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Suns' innovative pricing. Will it work?

Government entities such as countries, provinces, states and cities in less developed and least developed countries and regions can now take advantage of this special licensing offer for the Sun Java Enterprise System. Pricing ranges from USD $0.33 to $1.95 per citizen per year, and is determined based on two factors: the number of citizens in the respective government entity and the stage of development of the country as defined by the United Nations' Department of Economic and Social Affairs classification( This is the first time a company has offered governments around the world a complete network infrastructure software system that assists their populations in bridging the technological divide.

Wednesday, June 2, 2004

They are basing it on the UN Development index. Very radical. Something like this has never ever been tried.
Maybe it will pull them out of the red?.

But the main hurdles are that in developing countries, work is usually done by bribes or cronyism. Cost is not too much of a factor unless people start whining or its simply too much. Piracy is another problem they need to contend with.

Wednesday, June 2, 2004

Sun has completely lost their mind.  This is like bringing free toilet paper to a developing nation with a sewage disposal problem and thinking you're doing them a favor.

Scott McPealy
Wednesday, June 2, 2004

<<Sun has completely lost their mind>>

I had put a couple of flames against SUN on JOS about the same point. But its probably because they have no other alternative here. Either go on with Solaris and face certain doom, or light up the world with your antics and memorably go down - which also includes a chance at success .

They have wisely chosen the second course.  Unfortunately, i simply cant imagine any developing country choosing Solaris. Impossible. The java desktop is a better bet.

Wednesday, June 2, 2004

Methinks Sun shareholders would be better served if they liquidated the company. Mr. McNealy seems determined to go down in a "blaze of glory". It must be a lot of fun betting with other peoples' money.

Rob VH
Wednesday, June 2, 2004

According to ( ), Sun is getting ready to open up the source code for Solaris.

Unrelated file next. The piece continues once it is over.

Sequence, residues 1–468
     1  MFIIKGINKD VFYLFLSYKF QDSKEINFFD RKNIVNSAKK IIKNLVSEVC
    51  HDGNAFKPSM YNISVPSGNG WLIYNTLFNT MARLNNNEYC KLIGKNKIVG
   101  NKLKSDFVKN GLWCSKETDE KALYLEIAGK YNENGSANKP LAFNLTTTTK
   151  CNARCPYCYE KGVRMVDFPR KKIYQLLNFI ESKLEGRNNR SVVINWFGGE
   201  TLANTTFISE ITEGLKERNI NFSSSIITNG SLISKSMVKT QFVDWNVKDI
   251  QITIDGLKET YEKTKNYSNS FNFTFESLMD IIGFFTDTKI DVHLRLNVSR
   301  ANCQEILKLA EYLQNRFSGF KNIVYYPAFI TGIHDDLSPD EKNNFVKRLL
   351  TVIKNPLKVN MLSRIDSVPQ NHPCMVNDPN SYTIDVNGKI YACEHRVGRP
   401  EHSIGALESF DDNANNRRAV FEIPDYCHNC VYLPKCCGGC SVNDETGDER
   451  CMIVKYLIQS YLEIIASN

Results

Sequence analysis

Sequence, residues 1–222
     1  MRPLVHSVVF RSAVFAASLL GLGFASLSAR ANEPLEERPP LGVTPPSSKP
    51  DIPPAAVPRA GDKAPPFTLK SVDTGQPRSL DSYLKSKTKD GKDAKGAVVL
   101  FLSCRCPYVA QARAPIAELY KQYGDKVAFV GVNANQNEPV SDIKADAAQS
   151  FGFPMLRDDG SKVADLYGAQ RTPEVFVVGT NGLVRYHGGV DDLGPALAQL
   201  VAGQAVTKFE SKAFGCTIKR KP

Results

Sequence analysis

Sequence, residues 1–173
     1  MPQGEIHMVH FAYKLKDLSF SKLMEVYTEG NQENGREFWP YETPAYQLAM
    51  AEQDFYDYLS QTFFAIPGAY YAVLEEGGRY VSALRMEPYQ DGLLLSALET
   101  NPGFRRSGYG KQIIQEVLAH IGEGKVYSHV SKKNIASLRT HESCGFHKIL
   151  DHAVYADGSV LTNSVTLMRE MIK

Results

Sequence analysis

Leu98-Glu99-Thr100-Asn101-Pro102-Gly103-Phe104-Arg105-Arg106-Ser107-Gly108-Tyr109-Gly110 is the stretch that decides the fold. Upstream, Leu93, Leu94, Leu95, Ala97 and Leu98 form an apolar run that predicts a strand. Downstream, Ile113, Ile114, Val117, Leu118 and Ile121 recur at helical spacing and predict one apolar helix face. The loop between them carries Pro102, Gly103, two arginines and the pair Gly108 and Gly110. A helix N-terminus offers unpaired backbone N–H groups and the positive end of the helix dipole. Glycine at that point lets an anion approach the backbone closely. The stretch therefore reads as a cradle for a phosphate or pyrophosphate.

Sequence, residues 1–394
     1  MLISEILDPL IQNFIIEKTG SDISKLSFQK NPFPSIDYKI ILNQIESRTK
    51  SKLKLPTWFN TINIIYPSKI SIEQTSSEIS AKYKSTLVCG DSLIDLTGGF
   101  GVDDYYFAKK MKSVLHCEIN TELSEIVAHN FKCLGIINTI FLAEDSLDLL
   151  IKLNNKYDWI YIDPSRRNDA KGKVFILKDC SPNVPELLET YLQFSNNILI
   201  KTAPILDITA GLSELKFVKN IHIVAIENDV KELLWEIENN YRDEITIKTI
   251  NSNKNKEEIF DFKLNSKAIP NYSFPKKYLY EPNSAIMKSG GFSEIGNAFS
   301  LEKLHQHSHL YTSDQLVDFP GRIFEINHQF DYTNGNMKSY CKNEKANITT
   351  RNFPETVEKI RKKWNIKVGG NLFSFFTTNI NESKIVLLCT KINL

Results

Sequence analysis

For fiscal year 2005, they are hoping to generate the majority of their revenue from a "lemonade stand".

Benji Smith
Wednesday, June 2, 2004

What I found interesting was this quote in a Reruters story ( )

""In our world, you will subscribe to the software and the hardware is free," Schwartz said, who was named to his post almost six weeks ago. "Directionally, our expectation is that in fiscal 2005 you're going to see a rapid departure from selling hardware, software and services apart."

Schwartz isn't alone in saying that hardware will someday be "free," so long as customers sign up for multiyear software subscriptions and services contracts. Microsoft Corp. (MSFT.O: Quote, Profile, Research) Chairman Bill Gates has said he believes that, within a few years, hardware will be free and that software will be bought on a subscription basis, rather than as a one-time purchase that must be upgraded routinely.

"Bill Gates and I agree that within four to five years hardware will be free," Schwartz told Reuters, who will outline Sun's belief at a Sun conference in Shanghai this week that the network - the hardware, software, storage and its interlinks - is fast becoming a commodity. "

The "free" part is of course total bull. All it means is they seem to agree that we are rapidly regressing to the complete stack models of the past (not that Apple, Sun or the big IBM systems ever moved away from it, and even Microsoft always tagged close to the line). So Hardware & Software become an inseparable bundle. I'm not sure I like this evolution.

Just me (Sir to you)
Thursday, June 3, 2004

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